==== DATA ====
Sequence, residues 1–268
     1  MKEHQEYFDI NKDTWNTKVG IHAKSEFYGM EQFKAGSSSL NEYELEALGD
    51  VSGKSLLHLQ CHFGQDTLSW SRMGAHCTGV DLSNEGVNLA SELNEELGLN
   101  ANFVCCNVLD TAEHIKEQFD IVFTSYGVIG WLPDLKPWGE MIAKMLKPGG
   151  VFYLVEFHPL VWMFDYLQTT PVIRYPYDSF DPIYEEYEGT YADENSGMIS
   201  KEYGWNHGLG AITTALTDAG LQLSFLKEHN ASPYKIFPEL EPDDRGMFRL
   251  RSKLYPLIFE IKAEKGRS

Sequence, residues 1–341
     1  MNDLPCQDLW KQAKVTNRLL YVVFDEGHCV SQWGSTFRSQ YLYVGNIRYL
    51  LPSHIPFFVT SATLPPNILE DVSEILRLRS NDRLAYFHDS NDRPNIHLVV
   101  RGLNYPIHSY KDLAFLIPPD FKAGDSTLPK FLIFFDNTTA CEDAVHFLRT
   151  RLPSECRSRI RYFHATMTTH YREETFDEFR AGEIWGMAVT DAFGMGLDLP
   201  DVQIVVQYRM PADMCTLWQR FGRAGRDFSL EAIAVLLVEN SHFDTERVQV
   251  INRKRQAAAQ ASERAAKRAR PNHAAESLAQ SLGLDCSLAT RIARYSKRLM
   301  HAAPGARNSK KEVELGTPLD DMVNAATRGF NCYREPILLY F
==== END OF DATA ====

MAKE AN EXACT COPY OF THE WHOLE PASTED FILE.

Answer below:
Sequence, residues 1–268
     1  MKEHQEYFDI NKDTWNTKVG IHAKSEFYGM EQFKAGSSSL NEYELEALGD
    51  VSGKSLLHLQ CHFGQDTLSW SRMGAHCTGV DLSNEGVNLA SELNEELGLN
   101  ANFVCCNVLD TAEHIKEQFD IVFTSYGVIG WLPDLKPWGE MIAKMLKPGG
   151  VFYLVEFHPL VWMFDYLQTT PVIRYPYDSF DPIYEEYEGT YADENSGMIS
   201  KEYGWNHGLG AITTALTDAG LQLSFLKEHN ASPYKIFPEL EPDDRGMFRL
   251  RSKLYPLIFE IKAEKGRS

Sequence, residues 1–341
     1  MNDLPCQDLW KQAKVTNRLL YVVFDEGHCV SQWGSTFRSQ YLYVGNIRYL
    51  LPSHIPFFVT SATLPPNILE DVSEILRLRS NDRLAYFHDS NDRPNIHLVV
   101  RGLNYPIHSY KDLAFLIPPD FKAGDSTLPK FLIFFDNTTA CEDAVHFLRT
   151  RLPSECRSRI RYFHATMTTH YREETFDEFR AGEIWGMAVT DAFGMGLDLP
   201  DVQIVVQYRM PADMCTLWQR FGRAGRDFSL EAIAVLLVEN SHFDTERVQV
   251  INRKRQAAAQ ASERAAKRAR PNHAAESLAQ SLGLDCSLAT RIARYSKRLM
   301  HAAPGARNSK KEVELGTPLD DMVNAATRGF NCYREPILLY F